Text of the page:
Last May, a deranged student entered Santa Fe High School in Texas and opened fire. Ten people were killed and 10 others were injured. The weapon of choice for the gunman was a .38 caliber revolver.
Over the last year, the nearby town of Texas City is implementing a radical new plan to protect students from potential future attacks: tracking students with computer chips, using facial recognition software to monitor whoever enters the school, and arming security guards with AR-15s, the weapon of choice for most school massacres.
Fox News reported on Friday:
"Some of the measures have already been implemented. Students and staff wear radio frequency identification cards, capable of tracking their whereabouts in school. They’ve lined glass doors with intrusion filming, making them impact resistant."
The plan is the brainchild of former Secret Service agent Mike Matranga, who served in the agency for more than a decade.
“What we’re trying to do is buy time, and by buying time and by having a deputy on campus or multiple deputies on campus, that time allows our deputies to respond and do their job,” Matranga explained.
Every deputy assigned to stave off a would-be assailant is armed with AR-15's, which are stored in a safe. Matranga said he is "a firm believer that we fight firepower with superior firepower."
Texas City Independent School District Superintendent Rodney Cavness said the initiative began last year after residents approved a measure allocating $6.5 million in funds for improvements in school safety and security.
“We’re not playing around. This isn’t some kind of little game to us. We put a lot of time, money, and effort into this,” Cavness said.
The comprehensive Texas City school safety improvement plan is controversial, to say the least.
Some people feel the school district's actions constitute government overreach.
The sentiment was not universal.
Others say that there is no measure extreme enough to protect kids in school.
Gun rights activists have concerns of their own.
National School and Security Services President Ken Trump (no relation to the president) admitted that despite the "intense" nature of the new security measures, public interest often wanes before large-scale change is able to occur.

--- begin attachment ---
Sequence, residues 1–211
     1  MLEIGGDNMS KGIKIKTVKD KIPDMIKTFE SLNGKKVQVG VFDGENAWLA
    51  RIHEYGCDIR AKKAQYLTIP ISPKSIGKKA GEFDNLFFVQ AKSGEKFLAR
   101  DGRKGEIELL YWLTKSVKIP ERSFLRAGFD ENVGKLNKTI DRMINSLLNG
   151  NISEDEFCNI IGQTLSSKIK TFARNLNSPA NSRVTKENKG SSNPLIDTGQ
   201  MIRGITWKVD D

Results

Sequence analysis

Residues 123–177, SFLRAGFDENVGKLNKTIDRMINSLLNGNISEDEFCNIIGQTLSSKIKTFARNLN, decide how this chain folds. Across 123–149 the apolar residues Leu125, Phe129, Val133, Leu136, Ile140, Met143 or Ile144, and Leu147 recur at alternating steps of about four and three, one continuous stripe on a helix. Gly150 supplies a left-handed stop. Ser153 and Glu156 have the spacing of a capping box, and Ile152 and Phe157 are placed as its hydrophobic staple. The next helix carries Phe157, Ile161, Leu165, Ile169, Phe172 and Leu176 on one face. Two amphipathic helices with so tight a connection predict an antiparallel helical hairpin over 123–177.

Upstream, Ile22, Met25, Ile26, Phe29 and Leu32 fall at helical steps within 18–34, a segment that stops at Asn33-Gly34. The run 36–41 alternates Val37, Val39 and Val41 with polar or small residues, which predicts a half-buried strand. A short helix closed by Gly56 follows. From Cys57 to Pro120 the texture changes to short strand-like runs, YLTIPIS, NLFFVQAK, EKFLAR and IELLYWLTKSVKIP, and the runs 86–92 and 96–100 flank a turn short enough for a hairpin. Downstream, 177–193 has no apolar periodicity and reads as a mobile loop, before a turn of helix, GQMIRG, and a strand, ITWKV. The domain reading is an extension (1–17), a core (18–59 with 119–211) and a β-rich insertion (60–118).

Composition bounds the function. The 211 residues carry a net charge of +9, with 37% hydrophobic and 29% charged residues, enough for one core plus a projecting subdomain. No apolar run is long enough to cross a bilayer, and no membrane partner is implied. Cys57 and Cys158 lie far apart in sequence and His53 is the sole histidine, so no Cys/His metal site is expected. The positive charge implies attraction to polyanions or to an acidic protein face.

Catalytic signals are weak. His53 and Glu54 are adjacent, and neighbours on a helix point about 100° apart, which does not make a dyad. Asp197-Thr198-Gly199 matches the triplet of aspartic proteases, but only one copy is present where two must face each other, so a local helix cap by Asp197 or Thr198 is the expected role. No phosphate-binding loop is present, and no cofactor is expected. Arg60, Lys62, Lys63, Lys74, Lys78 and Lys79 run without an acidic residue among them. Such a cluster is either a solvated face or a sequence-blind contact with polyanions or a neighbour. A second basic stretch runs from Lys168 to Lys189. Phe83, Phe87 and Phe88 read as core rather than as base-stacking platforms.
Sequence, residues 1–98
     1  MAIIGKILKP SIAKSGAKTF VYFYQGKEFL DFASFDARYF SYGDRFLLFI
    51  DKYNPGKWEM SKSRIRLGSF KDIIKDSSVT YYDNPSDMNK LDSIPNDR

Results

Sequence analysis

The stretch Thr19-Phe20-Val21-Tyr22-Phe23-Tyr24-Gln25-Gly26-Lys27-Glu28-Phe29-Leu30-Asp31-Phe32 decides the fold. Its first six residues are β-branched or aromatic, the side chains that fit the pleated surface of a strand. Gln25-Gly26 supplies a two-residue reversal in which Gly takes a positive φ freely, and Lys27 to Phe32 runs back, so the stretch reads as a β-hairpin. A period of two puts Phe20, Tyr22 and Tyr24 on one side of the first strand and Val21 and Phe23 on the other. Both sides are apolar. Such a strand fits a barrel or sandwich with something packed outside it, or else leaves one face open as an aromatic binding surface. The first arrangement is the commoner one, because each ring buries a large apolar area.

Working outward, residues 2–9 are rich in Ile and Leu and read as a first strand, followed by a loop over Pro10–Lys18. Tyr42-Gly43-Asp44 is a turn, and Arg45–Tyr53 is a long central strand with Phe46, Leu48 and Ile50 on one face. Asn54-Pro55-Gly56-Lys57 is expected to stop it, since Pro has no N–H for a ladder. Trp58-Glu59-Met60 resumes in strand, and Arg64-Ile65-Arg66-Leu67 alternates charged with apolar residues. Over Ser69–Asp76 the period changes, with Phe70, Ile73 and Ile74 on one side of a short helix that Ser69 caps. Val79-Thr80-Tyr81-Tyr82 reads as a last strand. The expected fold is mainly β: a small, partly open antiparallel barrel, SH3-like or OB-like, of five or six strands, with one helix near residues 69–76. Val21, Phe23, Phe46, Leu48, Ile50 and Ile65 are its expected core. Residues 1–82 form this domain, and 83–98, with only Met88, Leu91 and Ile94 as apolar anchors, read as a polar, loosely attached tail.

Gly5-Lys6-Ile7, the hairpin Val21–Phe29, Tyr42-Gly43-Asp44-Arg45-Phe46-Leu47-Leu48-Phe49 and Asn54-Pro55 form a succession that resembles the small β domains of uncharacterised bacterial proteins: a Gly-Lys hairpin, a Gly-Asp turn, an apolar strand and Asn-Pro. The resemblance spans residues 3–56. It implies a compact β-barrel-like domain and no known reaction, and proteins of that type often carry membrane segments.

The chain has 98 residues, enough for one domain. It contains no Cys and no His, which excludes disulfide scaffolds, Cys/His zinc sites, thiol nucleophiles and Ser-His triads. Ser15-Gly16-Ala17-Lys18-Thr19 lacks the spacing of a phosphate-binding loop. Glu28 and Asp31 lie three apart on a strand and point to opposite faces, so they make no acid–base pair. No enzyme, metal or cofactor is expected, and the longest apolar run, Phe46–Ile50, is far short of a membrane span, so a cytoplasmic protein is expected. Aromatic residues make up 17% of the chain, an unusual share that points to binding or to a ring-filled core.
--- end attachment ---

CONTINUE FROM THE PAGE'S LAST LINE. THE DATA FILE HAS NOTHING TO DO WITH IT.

“This district seemed to gather a lot of attention because they put a whole lot of money in a short period of time,” said Trump. “The question isn’t really whether school safety is the top priority now, but six months down the road when the memories of Parkland fade, will there be the same investment not only in time and dollars but the people?”
Ed Scruggs, vice chair of Texas Gun Sense, said that protecting schools requires both technology and smarter laws, including more effective background checks on gun sales.
“More universal background checks on gun sales, better mental health, better background check system… if we can keep guns out of the hands of people that shouldn’t have them, we’re going to automatically be safer," Scruggs said.
Matranga agreed, cautioning that even with upgrades in technology, training people to prepare for and react to emergencies is the best possible line of defense.
“It’s not about the camera system. It’s not about the electronic locks. Though we’re doing that, it’s about investing in people," Matranga said, "and that’s the key.”
Texas City is one of several school districts across the country that have toyed with enhanced security.
"Within the last year, several schools across the country rolled out or approved funding for security upgrades," Fox wrote. "Santa Fe High School put up metal detectors and hired more officers. Schools in Wisconsin received safety grants from the state last year, and many used the money to install security cameras and new classroom door handles. In Florida, Broward County outlined security plans last summer in response to the Parkland shooting."